Werner's Blog — Opinion, Analysis, Commentary
How much is climate change making Vancouver warmer, and does our electricity grid need to become more resilient to adapt?

A cold spell in Texas left an estimated 4.5 million households out of power on February 16, and with millions still out of power as I write these lines. As The New York Times reported wind farms aren't the main cause of the Texas blackouts, the main contributing factors were freezing natural gas pipelines. And as The Economist reported, the freeze in Texas exposed America's infrastructural failings. The higher occurrence of extreme cold and extreme hot temperatures has been linked to climate change. Could it happen here in Vancouver as well? Extreme cold in Canada is not unusual. The infamous 1998 ice storm knocked out power lines in Quebec and eastern Ontario, leaving roughly half of Quebec's population without power.

Weather in Vancouver is pretty mild and even the coldest winter days tend to be pretty balmy by Canadian standards. Have winters and summers become warmer in Vancouver? Let's look at the weather evidence over a long timer period, the 70 years from 1950 to 2020. This is sufficient long to capture effects of climate chanage.

The need for heating in the winter is captured by a measure known as Heating Degree Days (HDD). It is a measure of how cold the temperature was on a given day or during a period of days, and is calculated as the difference between 18°C and the coldest temperature of a day. For example, a day with a mean temperature of 3°C has 15 HDD. Two such cold days in a row have a total of 30 HDD for the two-day period. The measure that captures hot days is known as Cooling Degree Days (CDD). It is measured as the difference between the highest temperature of a day and 18°C.

The diagram below shows the HDDs for Vancouver over the last 70 years, with a trend line showing a clear movement downwards. I estimate that Vancouver has 5.98 HDDs fewer every year, statistically significant at the 99.9% confidence level.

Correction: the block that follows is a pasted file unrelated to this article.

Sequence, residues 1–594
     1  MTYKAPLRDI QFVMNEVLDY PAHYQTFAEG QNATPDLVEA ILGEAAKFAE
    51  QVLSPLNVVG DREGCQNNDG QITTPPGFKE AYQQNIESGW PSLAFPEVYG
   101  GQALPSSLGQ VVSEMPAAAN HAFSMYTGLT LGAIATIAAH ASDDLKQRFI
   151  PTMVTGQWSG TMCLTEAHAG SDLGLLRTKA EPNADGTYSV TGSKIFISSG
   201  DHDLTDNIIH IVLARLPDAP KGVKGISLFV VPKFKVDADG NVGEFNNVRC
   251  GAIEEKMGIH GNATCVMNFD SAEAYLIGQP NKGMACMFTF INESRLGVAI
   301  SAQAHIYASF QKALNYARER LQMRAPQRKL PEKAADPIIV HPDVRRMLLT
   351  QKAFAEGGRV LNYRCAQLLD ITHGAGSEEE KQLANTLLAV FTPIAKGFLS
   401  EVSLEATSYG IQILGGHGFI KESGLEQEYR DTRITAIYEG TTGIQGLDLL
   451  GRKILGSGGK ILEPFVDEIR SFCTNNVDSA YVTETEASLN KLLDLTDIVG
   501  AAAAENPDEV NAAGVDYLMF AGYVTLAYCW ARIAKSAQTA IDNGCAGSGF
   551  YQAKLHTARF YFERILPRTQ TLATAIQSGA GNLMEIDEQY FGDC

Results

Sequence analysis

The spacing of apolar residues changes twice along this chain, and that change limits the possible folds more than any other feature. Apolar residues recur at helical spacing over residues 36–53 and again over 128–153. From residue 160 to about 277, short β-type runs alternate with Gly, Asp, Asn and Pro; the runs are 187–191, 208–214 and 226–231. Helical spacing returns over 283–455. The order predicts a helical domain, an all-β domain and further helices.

Heating Degree Days in Vancouver, 1950-2020

click on image for high-resolution PDF version

The next diagram shows the CDDs for Vancouver over the last 70 years, with a trend line showing a clear movement upward. I estimate that Vancouver has 0.58 CDDs more every year, again statistically significant at the 99.9% confidence level.

Cooling Degree Days in Vancouver, 1950-2020

click on image for high-resolution PDF version

So as Vancouver's winter are getting milder and its summers are getting gently warmer, this is good news for our electricity grid. BC Hydro will experience fewer winters that put high demand on the system. On the other hand, air conditioning in the summer can be expected to rise. In terms of electricity demand, British Columbia will remain a winter-peaking jurisdiction for quite some time. Vancouver's summers are never extremely hot, in most years never exceeding 30°C.

Yet, all infrastructure is vulnerable to extreme events. Power lines are vulnerable to inclement weather, in particular ice that weighs down the lines. BC's specific vulnerability lies in its dependence on a few major north-south power lines. If any of these get knocked out in the winter, the lights could even go out in Vancouver. Making the electricity grid more resilient is a task for this decade. Two researchers at the Rocky Mountain Institute, Mark Dyson and Becky Li, authored a report Reimagining Grid Resilience for the United States. The challenge is to avoid cascading failures, and have greater redundancy in the system through distributing critical loads and functions. Anotherreport from 2013 Improving Electric Grid Reliabiity and Resililence from The GridWise Alliance looks at the aftermath of superstorm Sandy and makes a list of insightful recommendations. Hardening the infrastructure also requires making the electric grid more of an information system with better sensors and management systems. Improving the resilience of our electricity grid ultimately rests on four essential areas: (1) better software to detect, isolate, and restore problems; (2) hardening critical compoents against adverse events; (3) distributing generation and distribution to limit the scope of failures; and (4) allowing for critical demand response when all else fails.

Posted on Thursday, February 18, 2021 at 19:30 — #Environment | #Vancouver
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© 2021  Prof. Werner Antweiler, University of British Columbia.
[Sauder School of Business] [The University of British Columbia]